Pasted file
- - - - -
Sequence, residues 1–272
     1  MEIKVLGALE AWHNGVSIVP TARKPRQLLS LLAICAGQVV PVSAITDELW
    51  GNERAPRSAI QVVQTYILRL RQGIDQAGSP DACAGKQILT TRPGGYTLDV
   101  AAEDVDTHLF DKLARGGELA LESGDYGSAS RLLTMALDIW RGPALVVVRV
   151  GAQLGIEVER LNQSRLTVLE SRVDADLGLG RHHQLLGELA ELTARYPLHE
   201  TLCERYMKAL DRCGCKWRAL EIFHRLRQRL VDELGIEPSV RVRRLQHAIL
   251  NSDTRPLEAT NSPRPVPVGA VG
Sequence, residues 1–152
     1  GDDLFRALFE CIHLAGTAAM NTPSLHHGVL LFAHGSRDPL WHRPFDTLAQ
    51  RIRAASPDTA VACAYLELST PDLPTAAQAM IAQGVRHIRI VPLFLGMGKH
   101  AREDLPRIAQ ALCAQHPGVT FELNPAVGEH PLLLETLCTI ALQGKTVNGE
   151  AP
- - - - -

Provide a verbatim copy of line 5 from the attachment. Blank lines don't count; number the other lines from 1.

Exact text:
   151  GAQLGIEVER LNQSRLTVLE SRVDADLGLG RHHQLLGELA ELTARYPLHE